June 28, 2017 | Banji and Sarah

Climb for Change: Climb Days 4 and 5

Day 4:

Today was the day I’d been dreading the most of my Kilimanjaro experience. Yes… more than the cold or the prospect of altitude sickness.

We had to go over “the wall” to get to the next camp (Karanga camp). It’s not the kind of wall you’re imagining. But think huge rocks and boulders (a dream for the hiker and adventurer) and a pathway that goes up, one that only the guides can expertly guide you over.

I am not one for heights. And I was most nervous about facing that wall and crossing to this next camp. Okay – I have to say everybody else enjoyed climbing the wall and they say it was the best part of their climb so far. So I am obviously amplifying how hard it is. One of the main reasons I chose to climb the tallest mountain in Africa was to overcome a lot of fears, and rely on the Lord’s leading (listening to and following the guides has a big lesson on that actually…). I have overcome a huge fear today!

I am looking around at the lunch table as I write this (we’re having veggie frittatas, fries and chicken!) and am grateful at how this team cheers each other on and patiently helps each other to go up higher and higher so we all make it to the summit together. Everyone looks excited and well.

Keep praying – we are almost there!

– Banji


Day 5:

Today was amazing. After 14 long hours of hiking, we are back at 10,000 feet tucked safely away in our tents at camp. This morning, we woke up at midnight to the sound of excited voices and porters who sang to wake us for our ascent to the summit. After conjoining in the meal tent for coffee, tea, and other sugary snacks, we set off into two groups: one left at 1:00 am and the other left around 1:30. By the grace of God, the wind had died down and the temperature was mid 20’s…perfect peaking weather I was told. As our two groups made it up the mountain, our porters were nothing short of amazing: warming our hands, handing us our water and reminding us to eat during rest breaks. They even checked up on us about every 10 minutes. It took my group around 4 hours to get to Stella Point, which is just a half-mile short of the peak at the top of Kili. By then the sun had started to peak above the clouds and warm us up a little bit. It was absolutely beautiful. We could see the entire crater, the massive ice blocks, and the other lower parts of Kili, all floating above the clouds. A few pictures and a cup of tea later, we were headed back down to the camp (16,000 ft) to sleep until lunch. After we had rested and eaten, we all begrudgingly began our four hour descent down to our last and final camp.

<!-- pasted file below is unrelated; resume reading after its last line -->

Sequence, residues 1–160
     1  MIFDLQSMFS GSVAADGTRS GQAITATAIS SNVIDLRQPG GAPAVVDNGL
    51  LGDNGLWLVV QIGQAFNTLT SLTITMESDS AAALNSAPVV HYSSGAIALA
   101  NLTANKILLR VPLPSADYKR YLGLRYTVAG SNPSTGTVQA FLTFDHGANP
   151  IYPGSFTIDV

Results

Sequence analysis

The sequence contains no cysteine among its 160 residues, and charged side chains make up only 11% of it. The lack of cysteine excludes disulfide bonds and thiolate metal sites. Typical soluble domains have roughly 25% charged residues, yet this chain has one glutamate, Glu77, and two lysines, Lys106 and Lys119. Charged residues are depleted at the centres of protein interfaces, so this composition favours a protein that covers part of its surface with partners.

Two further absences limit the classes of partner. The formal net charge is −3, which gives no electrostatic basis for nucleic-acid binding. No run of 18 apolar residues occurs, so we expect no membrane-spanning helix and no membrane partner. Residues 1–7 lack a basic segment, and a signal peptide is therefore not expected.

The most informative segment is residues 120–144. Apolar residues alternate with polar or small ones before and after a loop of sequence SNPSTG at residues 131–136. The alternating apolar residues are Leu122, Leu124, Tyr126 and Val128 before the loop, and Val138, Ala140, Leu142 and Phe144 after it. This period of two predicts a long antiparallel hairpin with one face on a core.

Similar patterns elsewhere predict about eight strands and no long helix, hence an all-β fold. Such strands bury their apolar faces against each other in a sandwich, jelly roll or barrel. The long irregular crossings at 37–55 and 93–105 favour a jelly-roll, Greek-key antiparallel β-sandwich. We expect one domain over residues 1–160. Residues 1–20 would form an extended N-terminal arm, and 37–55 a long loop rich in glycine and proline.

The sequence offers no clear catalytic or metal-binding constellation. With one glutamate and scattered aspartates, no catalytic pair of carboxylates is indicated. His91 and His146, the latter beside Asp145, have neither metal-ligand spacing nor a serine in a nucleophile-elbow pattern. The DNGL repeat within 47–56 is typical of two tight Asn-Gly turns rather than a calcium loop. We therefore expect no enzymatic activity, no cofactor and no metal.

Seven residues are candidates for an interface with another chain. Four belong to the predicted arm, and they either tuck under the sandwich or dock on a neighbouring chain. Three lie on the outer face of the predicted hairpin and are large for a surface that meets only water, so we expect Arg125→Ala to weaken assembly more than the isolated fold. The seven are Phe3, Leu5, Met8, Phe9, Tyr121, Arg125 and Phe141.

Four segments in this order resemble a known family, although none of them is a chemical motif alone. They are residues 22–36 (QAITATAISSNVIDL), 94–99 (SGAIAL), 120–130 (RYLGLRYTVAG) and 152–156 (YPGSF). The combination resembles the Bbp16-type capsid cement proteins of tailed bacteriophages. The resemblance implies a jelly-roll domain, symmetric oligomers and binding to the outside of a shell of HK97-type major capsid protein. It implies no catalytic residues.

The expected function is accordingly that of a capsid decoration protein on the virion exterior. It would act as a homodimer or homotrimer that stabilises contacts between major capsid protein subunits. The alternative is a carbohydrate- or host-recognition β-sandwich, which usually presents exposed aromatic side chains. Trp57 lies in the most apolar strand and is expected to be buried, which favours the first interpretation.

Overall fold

Needless to say, today was a great and long day. We are all sore and tired and still trying to process the events from the dawn to the dusk. Above all, I believe that all of us are just thankful. Thankful for our porters who helped us every step of the way. Thankful for the countless encouragements of our team. Thankful that all 35 people who attempted to summit last night made it to the top. And thankful for a God who is so much bigger than we will ever be able to understand, and who loves us very, very much.

With love,



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